|abbreviation||Windows and Linux||MacOS|
|New message||Ctrl + N||Command + N|
|Search in current conversation||Ctrl + F||Command + F|
|Send a message back||Ctrl + Z||Command + Z|
|Jump to a conversation||Ctrl + T (Slack desktop app only)||Cmd + K (and Cmd + T only in the desktop app)|
|Jump to the last unread message in a conversation||Ctrl + J||Command + J|
|Jump to the previous unread channel or DM||Alt + Shift + ↑||Option + Shift + ↑|
|Jump to the next unread channel or DM||Alt + Shift + ↓||Option + Shift + ↓|
|Open Threads view||Ctrl + Shift + T (Slack desktop app only)||Command + Shift + T|
|Search direct messages||Ctrl + Shift + K||Command + Shift + K|
|Browse channels||Ctrl + Shift + L||Command + Shift + L|
|Open conversation details||Ctrl + Shift + I||Command + Shift + I|
|Open a conversation canvas||Ctrl + Alt + .||Command + Option + .|
|Expand or collapse all sidebar sections||Alt + click||Option + click|
|Upload a file||Ctrl + U||Command + U|
Slack has many more shortcuts that you can explore in the desktop app by pressing Cmd + / on macOS and Ctrl + / on Windows and Linux.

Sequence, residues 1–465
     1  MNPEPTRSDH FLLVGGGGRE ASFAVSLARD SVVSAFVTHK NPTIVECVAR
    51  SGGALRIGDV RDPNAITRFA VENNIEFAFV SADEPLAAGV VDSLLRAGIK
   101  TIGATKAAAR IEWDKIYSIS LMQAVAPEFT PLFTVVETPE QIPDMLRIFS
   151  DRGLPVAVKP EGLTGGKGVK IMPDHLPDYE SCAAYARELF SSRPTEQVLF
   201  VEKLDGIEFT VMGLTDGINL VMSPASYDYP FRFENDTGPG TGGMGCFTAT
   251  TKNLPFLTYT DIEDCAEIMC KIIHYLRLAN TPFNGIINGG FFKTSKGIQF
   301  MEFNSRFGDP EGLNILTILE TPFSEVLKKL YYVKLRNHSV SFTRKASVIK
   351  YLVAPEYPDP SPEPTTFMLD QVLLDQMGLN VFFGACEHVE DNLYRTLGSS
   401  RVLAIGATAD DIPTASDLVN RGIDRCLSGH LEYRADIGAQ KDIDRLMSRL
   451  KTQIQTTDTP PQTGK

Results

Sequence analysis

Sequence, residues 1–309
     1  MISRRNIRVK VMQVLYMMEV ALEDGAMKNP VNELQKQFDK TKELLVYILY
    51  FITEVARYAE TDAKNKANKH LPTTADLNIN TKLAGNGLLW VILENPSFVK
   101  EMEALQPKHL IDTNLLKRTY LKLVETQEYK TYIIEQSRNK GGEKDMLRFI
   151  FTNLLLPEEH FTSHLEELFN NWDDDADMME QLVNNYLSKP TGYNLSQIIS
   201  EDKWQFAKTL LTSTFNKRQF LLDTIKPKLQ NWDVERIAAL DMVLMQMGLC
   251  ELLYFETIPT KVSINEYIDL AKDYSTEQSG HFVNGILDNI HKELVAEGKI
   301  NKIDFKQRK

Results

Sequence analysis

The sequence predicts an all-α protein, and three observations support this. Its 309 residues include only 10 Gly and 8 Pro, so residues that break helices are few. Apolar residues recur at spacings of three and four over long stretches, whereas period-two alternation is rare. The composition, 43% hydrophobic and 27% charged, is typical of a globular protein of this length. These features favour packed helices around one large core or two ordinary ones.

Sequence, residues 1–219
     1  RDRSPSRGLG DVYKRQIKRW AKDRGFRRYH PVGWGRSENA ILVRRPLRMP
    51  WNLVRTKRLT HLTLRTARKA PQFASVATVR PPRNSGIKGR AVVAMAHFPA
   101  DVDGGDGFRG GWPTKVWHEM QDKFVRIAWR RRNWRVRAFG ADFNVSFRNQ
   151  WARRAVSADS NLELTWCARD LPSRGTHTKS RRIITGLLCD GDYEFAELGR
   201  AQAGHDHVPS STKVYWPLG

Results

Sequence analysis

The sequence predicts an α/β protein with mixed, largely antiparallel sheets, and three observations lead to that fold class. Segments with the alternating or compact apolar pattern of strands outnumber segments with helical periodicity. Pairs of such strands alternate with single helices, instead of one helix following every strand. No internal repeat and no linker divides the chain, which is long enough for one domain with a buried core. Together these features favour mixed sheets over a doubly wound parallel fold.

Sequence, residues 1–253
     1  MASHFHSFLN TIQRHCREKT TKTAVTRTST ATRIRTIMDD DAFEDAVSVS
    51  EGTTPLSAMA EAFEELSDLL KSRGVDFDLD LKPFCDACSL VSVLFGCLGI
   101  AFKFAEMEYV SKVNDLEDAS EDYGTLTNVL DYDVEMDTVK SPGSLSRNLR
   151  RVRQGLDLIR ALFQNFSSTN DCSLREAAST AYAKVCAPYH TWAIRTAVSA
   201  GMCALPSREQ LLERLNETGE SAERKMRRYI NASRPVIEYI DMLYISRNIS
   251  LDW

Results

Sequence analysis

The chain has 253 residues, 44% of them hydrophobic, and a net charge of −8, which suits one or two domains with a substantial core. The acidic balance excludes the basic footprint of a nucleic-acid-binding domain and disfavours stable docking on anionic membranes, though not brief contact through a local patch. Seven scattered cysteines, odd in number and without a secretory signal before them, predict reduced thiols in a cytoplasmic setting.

What are some of the best Slack integrations?
Slack offers a wealth of integration options spanning categories of analytics, communications, customer support, design, developer tools, marketing, project management, and more. Popular integrations include:
- Jira: Ideal for agile teams, the Jira Cloud app for Slack allows users to receive notifications and track issues without leaving the Slack interface.
- Google Calendar: Once installed, this integration updates users’ Slack status based on their calendar entries and sends reminders, making it easier to manage and communicate their schedules.
- Foreclosure: This integration enables real-time data sharing between Salesforce and Slack, streamlining workflow for sales and customer service teams.
- Zoom: With the Zoom integration, meeting organizers can schedule, join, and even record Zoom meetings directly from Slack, making it convenient for remote teams and teams that rely heavily on video conferencing.
- GitHub: Developers can use this integration to keep track of code changes, pull requests, and issues, making it easier to manage software projects.
- Trello: This integration allows project managers and team members to manage Trello cards, update due dates, and move cards between lists within Slack. Check out ours Trello versus Slack Guide to see how Trello compares to Slack.